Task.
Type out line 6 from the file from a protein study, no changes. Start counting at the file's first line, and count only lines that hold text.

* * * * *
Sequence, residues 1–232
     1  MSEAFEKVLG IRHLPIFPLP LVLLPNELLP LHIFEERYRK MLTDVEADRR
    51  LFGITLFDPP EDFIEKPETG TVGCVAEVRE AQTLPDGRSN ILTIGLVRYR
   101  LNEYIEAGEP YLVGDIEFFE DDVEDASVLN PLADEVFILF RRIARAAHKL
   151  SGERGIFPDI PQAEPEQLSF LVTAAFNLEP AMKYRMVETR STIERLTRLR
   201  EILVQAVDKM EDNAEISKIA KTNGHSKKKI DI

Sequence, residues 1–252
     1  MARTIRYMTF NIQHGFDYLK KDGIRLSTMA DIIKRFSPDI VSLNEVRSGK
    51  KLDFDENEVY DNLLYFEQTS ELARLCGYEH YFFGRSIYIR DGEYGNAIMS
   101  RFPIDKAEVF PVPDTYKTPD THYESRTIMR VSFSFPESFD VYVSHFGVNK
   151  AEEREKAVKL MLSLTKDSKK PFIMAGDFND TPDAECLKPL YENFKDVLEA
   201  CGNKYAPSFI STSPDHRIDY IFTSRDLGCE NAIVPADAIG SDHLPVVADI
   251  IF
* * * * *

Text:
   201  EILVQAVDKM EDNAEISKIA KTNGHSKKKI DI